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World: Foreign Affairs and National Security


American foreign policy, shaped for decades by an ongoing Cold War with the former Soviet Union, is today still adjusting to post-Cold War realities. The dangerous, but relatively simple, bipolar world of two competing nuclear superpowers has dissolved into a unipolar or multipolar world, depending upon one's view of U.S. dominance of the international arena.

U.S. foreign and national security policy has shifted from containing Soviet communism to addressing conflicts in smaller, but still dangerous, hotspots throughout the world. Often in conjunction with international bodies like the United Nations or NATO, much of American foreign policy now focuses on peacekeeping efforts in places like the Kosovo, Iraq, or Afghanistan.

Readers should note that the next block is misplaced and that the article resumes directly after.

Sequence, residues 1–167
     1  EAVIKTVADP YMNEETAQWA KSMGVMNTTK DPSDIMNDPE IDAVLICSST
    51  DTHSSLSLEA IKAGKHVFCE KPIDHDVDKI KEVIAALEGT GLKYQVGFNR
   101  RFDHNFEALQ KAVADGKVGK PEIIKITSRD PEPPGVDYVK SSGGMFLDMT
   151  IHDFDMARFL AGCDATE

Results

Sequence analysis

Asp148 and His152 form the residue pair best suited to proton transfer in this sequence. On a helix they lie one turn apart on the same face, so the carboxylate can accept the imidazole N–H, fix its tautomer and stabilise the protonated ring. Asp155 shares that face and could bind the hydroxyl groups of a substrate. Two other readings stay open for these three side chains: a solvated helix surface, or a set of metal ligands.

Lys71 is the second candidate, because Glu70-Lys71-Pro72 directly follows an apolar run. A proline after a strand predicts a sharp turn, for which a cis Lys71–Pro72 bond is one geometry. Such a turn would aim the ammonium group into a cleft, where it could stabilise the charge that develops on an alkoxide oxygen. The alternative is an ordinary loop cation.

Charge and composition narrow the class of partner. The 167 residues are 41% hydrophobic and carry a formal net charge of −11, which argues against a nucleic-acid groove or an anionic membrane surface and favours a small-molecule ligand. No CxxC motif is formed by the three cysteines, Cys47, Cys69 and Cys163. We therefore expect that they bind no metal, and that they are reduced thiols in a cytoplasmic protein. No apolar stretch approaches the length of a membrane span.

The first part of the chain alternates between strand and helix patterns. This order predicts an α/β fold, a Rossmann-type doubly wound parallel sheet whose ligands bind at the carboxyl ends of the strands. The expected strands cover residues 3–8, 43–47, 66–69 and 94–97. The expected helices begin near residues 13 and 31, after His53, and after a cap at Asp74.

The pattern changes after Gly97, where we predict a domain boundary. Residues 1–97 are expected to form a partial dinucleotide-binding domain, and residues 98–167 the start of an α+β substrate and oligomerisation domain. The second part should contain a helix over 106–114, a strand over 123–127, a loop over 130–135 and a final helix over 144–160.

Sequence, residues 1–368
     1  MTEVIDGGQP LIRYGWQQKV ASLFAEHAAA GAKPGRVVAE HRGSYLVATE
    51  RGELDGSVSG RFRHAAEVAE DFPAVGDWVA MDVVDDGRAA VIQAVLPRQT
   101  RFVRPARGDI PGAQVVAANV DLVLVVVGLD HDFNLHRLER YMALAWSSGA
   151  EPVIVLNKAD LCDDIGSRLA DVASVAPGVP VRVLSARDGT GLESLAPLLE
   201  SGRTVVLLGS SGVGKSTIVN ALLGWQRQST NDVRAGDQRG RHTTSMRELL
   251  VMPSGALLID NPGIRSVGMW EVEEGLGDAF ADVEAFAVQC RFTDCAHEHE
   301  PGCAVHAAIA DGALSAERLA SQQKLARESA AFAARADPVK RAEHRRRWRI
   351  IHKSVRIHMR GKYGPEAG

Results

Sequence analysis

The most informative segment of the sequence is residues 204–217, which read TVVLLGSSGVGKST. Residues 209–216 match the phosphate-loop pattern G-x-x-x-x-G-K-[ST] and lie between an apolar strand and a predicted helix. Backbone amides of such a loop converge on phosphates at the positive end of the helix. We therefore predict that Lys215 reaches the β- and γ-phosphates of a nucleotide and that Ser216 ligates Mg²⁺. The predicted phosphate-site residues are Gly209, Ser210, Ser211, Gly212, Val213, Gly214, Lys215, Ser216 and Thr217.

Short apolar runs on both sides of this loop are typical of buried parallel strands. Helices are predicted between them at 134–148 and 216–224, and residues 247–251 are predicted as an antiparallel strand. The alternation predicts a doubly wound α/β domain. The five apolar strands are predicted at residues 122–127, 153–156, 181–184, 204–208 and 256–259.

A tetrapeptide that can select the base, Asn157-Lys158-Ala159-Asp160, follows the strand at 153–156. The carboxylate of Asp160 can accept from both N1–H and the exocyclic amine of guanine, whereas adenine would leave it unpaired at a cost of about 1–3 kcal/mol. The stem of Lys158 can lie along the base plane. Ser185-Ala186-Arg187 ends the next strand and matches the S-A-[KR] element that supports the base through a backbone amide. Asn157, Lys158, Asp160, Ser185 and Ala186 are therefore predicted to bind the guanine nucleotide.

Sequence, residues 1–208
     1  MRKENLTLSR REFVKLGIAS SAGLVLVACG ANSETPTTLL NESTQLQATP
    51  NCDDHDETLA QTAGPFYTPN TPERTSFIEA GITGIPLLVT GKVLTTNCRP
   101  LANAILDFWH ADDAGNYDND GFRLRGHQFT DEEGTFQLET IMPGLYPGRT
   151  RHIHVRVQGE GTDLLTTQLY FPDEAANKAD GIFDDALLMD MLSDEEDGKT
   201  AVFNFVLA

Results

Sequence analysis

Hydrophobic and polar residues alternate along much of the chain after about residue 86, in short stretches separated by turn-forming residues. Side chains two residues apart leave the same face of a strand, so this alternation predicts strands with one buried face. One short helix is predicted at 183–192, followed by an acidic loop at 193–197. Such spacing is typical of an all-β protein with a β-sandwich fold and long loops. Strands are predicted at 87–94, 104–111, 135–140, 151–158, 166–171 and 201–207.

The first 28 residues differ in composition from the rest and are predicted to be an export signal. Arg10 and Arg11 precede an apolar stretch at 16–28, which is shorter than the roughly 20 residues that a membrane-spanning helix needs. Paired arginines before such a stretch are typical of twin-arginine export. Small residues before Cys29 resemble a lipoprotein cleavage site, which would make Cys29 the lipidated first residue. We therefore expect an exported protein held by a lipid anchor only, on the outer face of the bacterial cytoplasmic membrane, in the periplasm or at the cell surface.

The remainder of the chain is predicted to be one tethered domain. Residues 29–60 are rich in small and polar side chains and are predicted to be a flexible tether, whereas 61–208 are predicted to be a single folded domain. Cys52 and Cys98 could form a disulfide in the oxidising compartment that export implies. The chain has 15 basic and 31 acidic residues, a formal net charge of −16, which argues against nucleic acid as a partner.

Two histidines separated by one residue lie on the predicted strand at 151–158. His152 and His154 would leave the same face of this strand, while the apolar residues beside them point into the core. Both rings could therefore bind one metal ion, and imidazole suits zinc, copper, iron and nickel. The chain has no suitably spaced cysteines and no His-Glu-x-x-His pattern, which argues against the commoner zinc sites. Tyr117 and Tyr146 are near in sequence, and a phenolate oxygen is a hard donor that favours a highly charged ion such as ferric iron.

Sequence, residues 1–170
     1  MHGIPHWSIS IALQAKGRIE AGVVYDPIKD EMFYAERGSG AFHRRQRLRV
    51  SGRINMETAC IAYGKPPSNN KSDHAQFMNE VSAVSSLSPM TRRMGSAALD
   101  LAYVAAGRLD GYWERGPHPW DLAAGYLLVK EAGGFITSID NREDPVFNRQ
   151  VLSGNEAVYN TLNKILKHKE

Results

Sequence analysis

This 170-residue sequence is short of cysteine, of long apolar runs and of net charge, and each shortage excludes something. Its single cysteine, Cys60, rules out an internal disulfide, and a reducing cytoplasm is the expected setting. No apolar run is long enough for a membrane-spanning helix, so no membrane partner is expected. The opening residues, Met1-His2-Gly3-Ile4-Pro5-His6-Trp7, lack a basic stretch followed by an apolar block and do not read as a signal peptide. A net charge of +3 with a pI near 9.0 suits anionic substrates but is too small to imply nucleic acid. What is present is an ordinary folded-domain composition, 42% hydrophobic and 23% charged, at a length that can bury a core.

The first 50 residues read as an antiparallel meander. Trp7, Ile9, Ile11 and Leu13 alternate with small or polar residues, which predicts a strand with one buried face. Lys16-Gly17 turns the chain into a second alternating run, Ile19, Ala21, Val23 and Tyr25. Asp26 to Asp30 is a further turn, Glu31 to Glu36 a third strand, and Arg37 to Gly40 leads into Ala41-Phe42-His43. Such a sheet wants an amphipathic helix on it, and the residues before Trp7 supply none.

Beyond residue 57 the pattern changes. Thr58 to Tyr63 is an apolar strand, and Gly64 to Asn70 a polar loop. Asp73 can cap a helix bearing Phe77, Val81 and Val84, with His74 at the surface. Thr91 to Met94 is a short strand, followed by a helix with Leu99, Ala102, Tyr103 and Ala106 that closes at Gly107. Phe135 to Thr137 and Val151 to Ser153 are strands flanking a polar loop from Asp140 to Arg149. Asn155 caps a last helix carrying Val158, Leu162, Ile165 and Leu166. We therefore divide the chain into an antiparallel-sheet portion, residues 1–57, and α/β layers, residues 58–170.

Debates over many foreign policy and national security issues continue to be drawn along traditional left-right lines. A leading example is defense spending, where conservatives call for significant increases and liberals a shifting of resources to domestic needs. But the left and right are themselves each split between internationalists, who believe the U.S. should maintain a strong international presence, and isolationists who believe the U.S. should avoid unnecessary international entanglements. Indeed, this split has a much longer history in American foreign policy, extending well back before the Cold War and World War II, when isolationists opposed U.S. entry until the Japanese attacked Pearl Harbor.

American foreign policy, of course, encompasses much more than matters of war and peace. As the world becomes more intertwined, economically, issues of globalism, foreign trade, international investment and foreign aid are all increasingly important. All of these issues are the focus of this section.

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